Christopher Anderson has significant experience in investment funds, insurance and reinsurance and protected and incorporated cell companies. He has built a strong reputation in private equity, having advised some of the world's largest private equity houses as well as new fund promoters in connection with fund establishment, investment structuring, exits and regulatory issues. He has also advised the insurance and reinsurance sector for almost 25 years and has been recognised in the Guide to the World's Leading Insurance and Reinsurance Lawyers from 2004 - 2016. He was listed in the International Who's Who Legal of Private Funds Lawyers in 2018.

Annette Alexander advises on a broad range of corporate matters with a particular emphasis on the establishment, regulation and operation of investment funds, regulatory compliance, capital markets and banking and finance. Her practice also covers the formation of alternative investment funds, including private equity funds, listed funds, hedge funds and property funds as well as banking and finance transactions. She advises many of the largest fund promoters and financial institutions, locally and internationally. Annette arranges listings of investment funds, trading companies and bonds on The International Stock Exchange, including acting as sponsor and advising on compliance in relation to continuous obligations.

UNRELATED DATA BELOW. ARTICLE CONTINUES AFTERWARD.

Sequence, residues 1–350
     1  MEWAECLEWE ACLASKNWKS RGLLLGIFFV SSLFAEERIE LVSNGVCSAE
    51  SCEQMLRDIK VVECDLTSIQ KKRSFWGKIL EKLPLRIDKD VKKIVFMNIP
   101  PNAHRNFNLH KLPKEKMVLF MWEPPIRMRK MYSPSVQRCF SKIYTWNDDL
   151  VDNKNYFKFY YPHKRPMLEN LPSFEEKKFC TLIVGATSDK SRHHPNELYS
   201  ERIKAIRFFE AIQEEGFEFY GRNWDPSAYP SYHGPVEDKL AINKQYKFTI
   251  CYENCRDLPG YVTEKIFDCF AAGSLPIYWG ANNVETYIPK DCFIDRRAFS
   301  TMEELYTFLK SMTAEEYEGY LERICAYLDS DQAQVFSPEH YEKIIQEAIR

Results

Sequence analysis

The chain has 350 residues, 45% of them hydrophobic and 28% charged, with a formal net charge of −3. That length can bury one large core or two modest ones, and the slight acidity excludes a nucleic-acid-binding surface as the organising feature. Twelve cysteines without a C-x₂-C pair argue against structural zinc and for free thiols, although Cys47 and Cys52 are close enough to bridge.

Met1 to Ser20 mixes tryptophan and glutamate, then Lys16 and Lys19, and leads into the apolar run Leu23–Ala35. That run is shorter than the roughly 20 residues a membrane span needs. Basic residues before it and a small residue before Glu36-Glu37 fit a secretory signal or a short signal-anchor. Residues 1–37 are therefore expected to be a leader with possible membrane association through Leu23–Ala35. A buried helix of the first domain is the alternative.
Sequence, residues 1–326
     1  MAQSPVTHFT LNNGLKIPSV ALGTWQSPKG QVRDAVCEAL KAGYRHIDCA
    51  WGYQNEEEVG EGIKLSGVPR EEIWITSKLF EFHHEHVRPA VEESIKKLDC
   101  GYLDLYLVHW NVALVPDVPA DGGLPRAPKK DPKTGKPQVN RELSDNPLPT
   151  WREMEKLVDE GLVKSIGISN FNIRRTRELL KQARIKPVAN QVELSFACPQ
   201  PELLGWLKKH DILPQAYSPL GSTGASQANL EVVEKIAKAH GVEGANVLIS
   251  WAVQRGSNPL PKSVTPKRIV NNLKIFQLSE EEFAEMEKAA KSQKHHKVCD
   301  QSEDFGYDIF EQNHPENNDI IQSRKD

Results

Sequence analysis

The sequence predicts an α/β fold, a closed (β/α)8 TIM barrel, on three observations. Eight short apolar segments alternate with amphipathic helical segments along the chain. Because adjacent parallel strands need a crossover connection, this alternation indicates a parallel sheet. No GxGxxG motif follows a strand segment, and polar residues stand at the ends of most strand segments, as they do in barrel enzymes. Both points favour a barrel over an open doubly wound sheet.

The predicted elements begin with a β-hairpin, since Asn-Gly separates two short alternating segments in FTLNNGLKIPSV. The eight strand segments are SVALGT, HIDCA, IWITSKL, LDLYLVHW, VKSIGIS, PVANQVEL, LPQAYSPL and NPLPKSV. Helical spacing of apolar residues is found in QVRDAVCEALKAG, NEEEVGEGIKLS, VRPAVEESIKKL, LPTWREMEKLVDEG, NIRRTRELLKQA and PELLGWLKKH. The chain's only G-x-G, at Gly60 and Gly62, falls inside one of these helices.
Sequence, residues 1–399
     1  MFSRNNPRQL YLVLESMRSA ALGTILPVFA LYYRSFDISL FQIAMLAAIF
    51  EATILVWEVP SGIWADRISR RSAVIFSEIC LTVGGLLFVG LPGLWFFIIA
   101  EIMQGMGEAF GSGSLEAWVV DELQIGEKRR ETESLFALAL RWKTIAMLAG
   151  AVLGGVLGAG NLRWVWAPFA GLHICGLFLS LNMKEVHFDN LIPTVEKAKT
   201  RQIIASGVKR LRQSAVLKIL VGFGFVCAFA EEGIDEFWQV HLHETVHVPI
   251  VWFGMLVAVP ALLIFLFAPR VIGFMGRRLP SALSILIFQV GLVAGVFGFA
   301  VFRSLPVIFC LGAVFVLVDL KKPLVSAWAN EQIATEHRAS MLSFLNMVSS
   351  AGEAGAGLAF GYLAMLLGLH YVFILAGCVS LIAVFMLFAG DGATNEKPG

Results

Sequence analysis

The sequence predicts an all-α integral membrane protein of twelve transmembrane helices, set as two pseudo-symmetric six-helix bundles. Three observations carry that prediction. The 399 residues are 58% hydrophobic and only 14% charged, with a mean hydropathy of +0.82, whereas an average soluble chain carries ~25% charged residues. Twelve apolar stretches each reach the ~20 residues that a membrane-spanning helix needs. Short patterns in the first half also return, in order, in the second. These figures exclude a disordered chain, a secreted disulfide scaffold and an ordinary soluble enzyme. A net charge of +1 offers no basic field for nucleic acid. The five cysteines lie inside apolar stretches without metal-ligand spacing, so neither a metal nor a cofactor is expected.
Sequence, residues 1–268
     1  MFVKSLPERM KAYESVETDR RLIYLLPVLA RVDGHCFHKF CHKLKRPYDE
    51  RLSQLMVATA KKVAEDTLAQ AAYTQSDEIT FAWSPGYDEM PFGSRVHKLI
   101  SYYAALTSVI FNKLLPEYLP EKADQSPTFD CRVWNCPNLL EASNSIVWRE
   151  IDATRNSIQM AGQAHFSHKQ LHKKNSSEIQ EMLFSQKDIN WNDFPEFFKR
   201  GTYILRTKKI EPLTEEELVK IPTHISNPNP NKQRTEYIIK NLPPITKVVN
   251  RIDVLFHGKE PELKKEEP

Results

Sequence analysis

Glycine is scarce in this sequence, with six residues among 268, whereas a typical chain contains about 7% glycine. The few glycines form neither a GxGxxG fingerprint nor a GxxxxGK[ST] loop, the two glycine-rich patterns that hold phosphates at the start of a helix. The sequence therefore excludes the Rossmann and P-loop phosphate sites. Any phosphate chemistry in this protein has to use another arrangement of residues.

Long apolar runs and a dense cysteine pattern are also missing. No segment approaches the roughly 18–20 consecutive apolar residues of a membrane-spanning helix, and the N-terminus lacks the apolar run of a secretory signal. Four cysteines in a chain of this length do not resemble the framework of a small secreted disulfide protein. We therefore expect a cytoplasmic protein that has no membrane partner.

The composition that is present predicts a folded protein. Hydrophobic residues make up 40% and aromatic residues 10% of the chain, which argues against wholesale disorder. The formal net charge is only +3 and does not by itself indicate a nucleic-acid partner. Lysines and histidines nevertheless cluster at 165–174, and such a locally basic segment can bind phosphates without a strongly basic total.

Andrew Boyce has significant experience in investment and finance transactions across all entity types. He has specialist experience in the structuring and establishment of open and closed-ended investment funds and related credit and structured finance products. His core expertise is in private equity fund formation where he advises global investment houses and new managers on fund establishment, investment structuring, asset acquisitions and disposals, and regulatory issues. Andrew's banking and finance expertise compliments his investment funds practice and covers a range of credit types, including capital call facilities, leveraged financing and asset finance. He acts for global banking institutions, alternative credit providers and institutional borrowers.

For more information, please visit www.careyolsen.com.